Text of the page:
50 Years Ago Australian Forces Arrive in Vietnam

6RAR Vung Tau Ferry
6RAR arrive in South Vietnam on the Vung Tau Ferry

50 years ago in June 1965, the first Australian combat troops, 1RAR along with support elements; 105 Field Battery, 161 Field Battery (New Zealand) and a Troop of Australian APC’s – all attached to the US 173rd Airborne Brigade – arrived in Vietnam. 49 years ago on 9 June 1966, the first Australian Task Force arrived in Vietnam.

An infantry battalion, 6RAR, comprising approximately 600 combat troops, an Armoured Personnel Carrier unit, the 4/19th Prince of Wales Light Horse, Australian Artillery, a Royal Australian Air Force (RAAF) unit with six Caribou planes, a small surgical team, some civil engineers, diary and signals experts and the men in the Australian Army Training Team Vietnam (AATTV), were under the command of Colonel, later Brigadier, Oliver Jackson, the Commander, Australian Army Force, Vietnam, who although based at the Australian Headquarters in Saigon, was under the operational control of the U.S. Supreme Commander, General William Westmoreland.

Earlier on 6 June 1966, eight Iroquois helicopters from 9 Squadron, Royal Australian Air Force (RAAF), landed at the Vung Tau airbase, Vietnam. The Bell UH-1B Iroquois or “Huey” is almost synonymous with the Vietnam War and for the next five and a half years 9 Squadron’s Hueys supported the 1st Australian Task Force (1ATF).

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Anniversary fundraiser to unite soldiers from Long Tan to Afghanistan

Long Tan Cross
Dedication of the Long Tan Cross, 18th August 1969

The links that bind Australian and New Zealand soldiers, past and present, will be underscored when veterans of the historic Battle of Long Tan join with troops who have served in Iraq and Afghanistan for a very special charity event in Canberra next month.

This event will feature a first ever screening on the big screen of the critically acclaimed and award-winning documentary The Battle of Long Tan narrated by Sam Worthington (Avatar, Terminator Salvation, Clash of the Titans) at Dendy Cinemas in the Canberra Mall.

The event on Thursday, 16 August, which has the full support of former Chief of the Australian Army LTGEN Peter Leahy AC (Retd), is being held in advance of the 46th anniversary of the Long Tan conflict – one of the most savage of the Vietnam War.

All proceeds raised will be shared between Australia’s two major independent soldier support groups – Soldier On soldieron.org.au and The Commando Welfare Trust commandotrust.com.

This event will bring together an array of military veterans, family, next of kin, serving soldiers, politicians, and representatives of the business and entertainment sectors.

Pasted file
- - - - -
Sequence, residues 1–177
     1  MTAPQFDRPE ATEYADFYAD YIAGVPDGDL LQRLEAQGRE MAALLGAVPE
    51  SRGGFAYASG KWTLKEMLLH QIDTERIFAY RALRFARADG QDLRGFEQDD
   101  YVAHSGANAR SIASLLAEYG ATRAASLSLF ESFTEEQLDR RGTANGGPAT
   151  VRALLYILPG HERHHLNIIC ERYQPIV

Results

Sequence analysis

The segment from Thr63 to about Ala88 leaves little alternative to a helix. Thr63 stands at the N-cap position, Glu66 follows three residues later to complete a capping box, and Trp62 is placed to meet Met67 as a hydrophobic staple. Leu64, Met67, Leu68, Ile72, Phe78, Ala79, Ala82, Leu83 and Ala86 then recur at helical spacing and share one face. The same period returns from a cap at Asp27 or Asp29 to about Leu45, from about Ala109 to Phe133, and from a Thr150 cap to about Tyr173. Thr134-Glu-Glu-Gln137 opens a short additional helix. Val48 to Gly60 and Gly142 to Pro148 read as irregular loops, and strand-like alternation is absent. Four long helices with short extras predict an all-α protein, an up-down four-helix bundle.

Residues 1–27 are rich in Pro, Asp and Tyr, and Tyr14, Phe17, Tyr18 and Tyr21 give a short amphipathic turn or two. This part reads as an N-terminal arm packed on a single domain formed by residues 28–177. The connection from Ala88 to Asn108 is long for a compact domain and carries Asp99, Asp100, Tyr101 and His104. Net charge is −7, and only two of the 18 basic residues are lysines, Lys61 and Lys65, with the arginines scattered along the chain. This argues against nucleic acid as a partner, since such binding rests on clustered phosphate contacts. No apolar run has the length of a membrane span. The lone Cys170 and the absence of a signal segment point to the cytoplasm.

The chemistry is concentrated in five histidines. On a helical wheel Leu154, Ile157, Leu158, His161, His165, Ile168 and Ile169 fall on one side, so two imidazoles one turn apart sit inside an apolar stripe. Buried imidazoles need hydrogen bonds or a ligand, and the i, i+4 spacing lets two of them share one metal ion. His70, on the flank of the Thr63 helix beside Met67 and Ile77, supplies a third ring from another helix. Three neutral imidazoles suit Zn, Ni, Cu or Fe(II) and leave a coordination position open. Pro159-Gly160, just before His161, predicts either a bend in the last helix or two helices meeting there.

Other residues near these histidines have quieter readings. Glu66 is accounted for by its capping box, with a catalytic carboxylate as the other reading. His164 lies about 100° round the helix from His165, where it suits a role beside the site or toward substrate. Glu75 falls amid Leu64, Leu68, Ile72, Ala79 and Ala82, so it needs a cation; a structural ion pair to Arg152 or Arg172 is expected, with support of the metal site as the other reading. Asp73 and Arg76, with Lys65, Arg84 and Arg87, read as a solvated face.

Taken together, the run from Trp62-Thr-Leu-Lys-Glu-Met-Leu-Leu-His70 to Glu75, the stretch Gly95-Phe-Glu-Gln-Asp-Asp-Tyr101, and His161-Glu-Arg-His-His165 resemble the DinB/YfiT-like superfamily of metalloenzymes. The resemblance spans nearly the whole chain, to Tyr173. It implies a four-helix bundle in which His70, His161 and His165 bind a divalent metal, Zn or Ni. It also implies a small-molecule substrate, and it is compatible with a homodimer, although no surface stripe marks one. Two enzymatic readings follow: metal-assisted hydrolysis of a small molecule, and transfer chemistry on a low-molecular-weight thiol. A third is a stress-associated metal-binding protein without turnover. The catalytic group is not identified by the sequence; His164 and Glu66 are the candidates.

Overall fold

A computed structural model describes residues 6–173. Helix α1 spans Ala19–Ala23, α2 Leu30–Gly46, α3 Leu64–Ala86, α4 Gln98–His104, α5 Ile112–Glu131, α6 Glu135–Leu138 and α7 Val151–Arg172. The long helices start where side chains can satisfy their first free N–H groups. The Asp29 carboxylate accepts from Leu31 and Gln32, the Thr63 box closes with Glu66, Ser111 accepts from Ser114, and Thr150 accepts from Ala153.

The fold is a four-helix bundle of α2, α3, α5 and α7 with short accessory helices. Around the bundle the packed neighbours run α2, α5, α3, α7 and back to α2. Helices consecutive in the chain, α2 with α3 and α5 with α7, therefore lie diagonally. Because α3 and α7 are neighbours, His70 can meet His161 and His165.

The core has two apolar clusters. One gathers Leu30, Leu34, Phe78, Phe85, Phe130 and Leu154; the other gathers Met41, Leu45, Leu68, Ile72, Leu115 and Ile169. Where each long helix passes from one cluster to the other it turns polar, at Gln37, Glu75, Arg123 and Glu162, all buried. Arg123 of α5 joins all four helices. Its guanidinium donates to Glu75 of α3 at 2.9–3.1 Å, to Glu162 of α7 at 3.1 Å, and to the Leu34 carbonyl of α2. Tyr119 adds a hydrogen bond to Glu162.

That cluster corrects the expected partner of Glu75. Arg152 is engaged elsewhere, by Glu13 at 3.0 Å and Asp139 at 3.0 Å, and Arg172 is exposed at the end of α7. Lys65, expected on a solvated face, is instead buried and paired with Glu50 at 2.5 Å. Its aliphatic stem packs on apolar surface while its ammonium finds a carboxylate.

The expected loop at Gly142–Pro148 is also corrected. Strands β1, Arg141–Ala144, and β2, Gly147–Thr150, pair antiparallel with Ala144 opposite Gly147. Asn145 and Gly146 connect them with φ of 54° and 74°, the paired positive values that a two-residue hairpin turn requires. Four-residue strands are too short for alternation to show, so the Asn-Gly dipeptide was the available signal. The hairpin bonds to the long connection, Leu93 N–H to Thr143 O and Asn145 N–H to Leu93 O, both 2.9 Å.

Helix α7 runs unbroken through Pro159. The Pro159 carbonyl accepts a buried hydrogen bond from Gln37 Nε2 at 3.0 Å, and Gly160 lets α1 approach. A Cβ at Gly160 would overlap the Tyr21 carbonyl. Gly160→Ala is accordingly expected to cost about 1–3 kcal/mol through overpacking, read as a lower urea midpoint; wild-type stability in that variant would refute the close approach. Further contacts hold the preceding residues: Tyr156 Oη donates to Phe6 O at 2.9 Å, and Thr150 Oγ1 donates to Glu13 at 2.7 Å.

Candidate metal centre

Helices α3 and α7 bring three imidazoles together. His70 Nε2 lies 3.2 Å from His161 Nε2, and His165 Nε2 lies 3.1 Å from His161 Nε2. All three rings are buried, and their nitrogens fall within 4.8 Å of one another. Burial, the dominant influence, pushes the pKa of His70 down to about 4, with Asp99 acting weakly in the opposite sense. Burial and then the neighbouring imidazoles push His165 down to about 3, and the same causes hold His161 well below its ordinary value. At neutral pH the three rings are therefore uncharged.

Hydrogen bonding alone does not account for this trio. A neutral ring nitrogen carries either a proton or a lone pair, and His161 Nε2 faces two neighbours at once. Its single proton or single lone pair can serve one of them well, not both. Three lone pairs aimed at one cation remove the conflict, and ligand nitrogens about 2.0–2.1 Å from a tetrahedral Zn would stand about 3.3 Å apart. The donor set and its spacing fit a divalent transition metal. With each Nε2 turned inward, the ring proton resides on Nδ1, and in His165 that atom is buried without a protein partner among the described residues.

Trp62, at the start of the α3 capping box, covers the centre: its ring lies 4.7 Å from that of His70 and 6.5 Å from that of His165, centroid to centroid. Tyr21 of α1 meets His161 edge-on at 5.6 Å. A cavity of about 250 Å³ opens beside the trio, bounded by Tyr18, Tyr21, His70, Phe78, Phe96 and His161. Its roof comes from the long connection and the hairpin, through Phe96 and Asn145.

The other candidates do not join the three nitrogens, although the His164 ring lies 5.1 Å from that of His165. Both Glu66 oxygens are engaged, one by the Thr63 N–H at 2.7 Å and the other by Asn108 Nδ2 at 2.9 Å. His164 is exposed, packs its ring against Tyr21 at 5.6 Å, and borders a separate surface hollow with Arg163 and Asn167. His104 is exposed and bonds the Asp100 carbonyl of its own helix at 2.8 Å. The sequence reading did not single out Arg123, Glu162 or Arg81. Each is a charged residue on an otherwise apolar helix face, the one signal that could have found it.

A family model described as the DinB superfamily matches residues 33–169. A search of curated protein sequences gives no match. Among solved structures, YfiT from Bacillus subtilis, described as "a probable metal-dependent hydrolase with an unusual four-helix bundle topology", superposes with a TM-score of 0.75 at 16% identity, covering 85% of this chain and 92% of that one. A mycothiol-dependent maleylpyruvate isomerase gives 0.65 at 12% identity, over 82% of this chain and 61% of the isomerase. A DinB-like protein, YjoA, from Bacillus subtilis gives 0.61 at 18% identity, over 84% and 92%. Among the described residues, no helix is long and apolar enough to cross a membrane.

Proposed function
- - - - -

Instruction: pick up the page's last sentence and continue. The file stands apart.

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The Economics of a Movie

One of the misconceptions I see time and time again in online forums and in the media is around the success or failure of movies based on their box office performance and their budget and therefore whether the movie actually makes any money for the producers, production company and investors (if any). I’ve also written a previous blog post called ‘Can Australian Films Make Money‘ which outlines why many Australian films don’t make money and the key attributes filmmakers should be focused on.

I must point out that there is no such thing as ‘build it and they will come’, in our case make a film, get a small distribution deal and people will come and see it. The majority of Australian films suffer from poor to non-existent marketing, unrealistic expectations about audience interest, not enough investment in marketing or poorly targeted marketing. Mao’s Last Dancer achieved $15m at the Australian box office off the back of a best selling book (existing audience) and a $2.5m+ marketing budget. Even great films like ‘The World’s Fastest Indian‘ which did extremely well in Australia and New Zealand and generated critical acclaim, can do poorly with poor distribution deals – in this case a poor U.S. distribution deal. I have outlined a detailed case study of Paranormal Activity which was made for USD$15k and earned some USD$180m at the box office through a very smart marketing strategy and campaign in one of my other blog posts ‘The Future of Filmmaking: Seizing back control of the Six Pillars of Cinema‘.

Now, before I outline a couple of detailed breakdowns of what a movie might earn and the expenses and fees associated with it (tables below), it is important to note the different distribution relationships independent producers have with the distributors:

  • In-house studio production
  • Negative pick-up
  • Distribution agreement

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